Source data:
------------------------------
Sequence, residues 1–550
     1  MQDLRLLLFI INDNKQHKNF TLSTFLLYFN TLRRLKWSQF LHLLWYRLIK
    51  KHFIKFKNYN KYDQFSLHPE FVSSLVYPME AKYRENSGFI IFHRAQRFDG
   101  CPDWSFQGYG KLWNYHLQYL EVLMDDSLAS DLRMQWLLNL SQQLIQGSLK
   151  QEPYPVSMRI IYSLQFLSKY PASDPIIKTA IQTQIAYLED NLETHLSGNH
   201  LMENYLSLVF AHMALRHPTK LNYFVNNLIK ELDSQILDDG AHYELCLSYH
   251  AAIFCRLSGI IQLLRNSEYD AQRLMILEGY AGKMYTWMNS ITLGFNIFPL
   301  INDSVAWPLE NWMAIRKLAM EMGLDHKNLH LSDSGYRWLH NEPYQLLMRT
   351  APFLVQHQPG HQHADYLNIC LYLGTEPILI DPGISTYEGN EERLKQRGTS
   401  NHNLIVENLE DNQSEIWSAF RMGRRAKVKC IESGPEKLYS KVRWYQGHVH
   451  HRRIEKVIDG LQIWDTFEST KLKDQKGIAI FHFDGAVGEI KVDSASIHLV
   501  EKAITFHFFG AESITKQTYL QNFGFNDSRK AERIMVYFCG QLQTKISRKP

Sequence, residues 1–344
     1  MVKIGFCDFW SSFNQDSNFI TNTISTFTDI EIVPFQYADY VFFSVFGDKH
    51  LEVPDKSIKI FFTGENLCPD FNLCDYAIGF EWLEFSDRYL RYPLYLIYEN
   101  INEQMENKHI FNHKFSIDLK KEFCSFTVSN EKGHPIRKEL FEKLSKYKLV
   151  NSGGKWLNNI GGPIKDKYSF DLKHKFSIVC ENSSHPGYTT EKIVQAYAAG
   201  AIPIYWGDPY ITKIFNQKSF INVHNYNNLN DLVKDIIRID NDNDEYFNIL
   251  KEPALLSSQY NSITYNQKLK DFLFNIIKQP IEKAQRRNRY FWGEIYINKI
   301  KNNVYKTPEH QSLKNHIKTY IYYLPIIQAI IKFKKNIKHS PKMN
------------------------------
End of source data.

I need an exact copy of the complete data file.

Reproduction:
Sequence, residues 1–550
     1  MQDLRLLLFI INDNKQHKNF TLSTFLLYFN TLRRLKWSQF LHLLWYRLIK
    51  KHFIKFKNYN KYDQFSLHPE FVSSLVYPME AKYRENSGFI IFHRAQRFDG
   101  CPDWSFQGYG KLWNYHLQYL EVLMDDSLAS DLRMQWLLNL SQQLIQGSLK
   151  QEPYPVSMRI IYSLQFLSKY PASDPIIKTA IQTQIAYLED NLETHLSGNH
   201  LMENYLSLVF AHMALRHPTK LNYFVNNLIK ELDSQILDDG AHYELCLSYH
   251  AAIFCRLSGI IQLLRNSEYD AQRLMILEGY AGKMYTWMNS ITLGFNIFPL
   301  INDSVAWPLE NWMAIRKLAM EMGLDHKNLH LSDSGYRWLH NEPYQLLMRT
   351  APFLVQHQPG HQHADYLNIC LYLGTEPILI DPGISTYEGN EERLKQRGTS
   401  NHNLIVENLE DNQSEIWSAF RMGRRAKVKC IESGPEKLYS KVRWYQGHVH
   451  HRRIEKVIDG LQIWDTFEST KLKDQKGIAI FHFDGAVGEI KVDSASIHLV
   501  EKAITFHFFG AESITKQTYL QNFGFNDSRK AERIMVYFCG QLQTKISRKP

Sequence, residues 1–344
     1  MVKIGFCDFW SSFNQDSNFI TNTISTFTDI EIVPFQYADY VFFSVFGDKH
    51  LEVPDKSIKI FFTGENLCPD FNLCDYAIGF EWLEFSDRYL RYPLYLIYEN
   101  INEQMENKHI FNHKFSIDLK KEFCSFTVSN EKGHPIRKEL FEKLSKYKLV
   151  NSGGKWLNNI GGPIKDKYSF DLKHKFSIVC ENSSHPGYTT EKIVQAYAAG
   201  AIPIYWGDPY ITKIFNQKSF INVHNYNNLN DLVKDIIRID NDNDEYFNIL
   251  KEPALLSSQY NSITYNQKLK DFLFNIIKQP IEKAQRRNRY FWGEIYINKI
   301  KNNVYKTPEH QSLKNHIKTY IYYLPIIQAI IKFKKNIKHS PKMN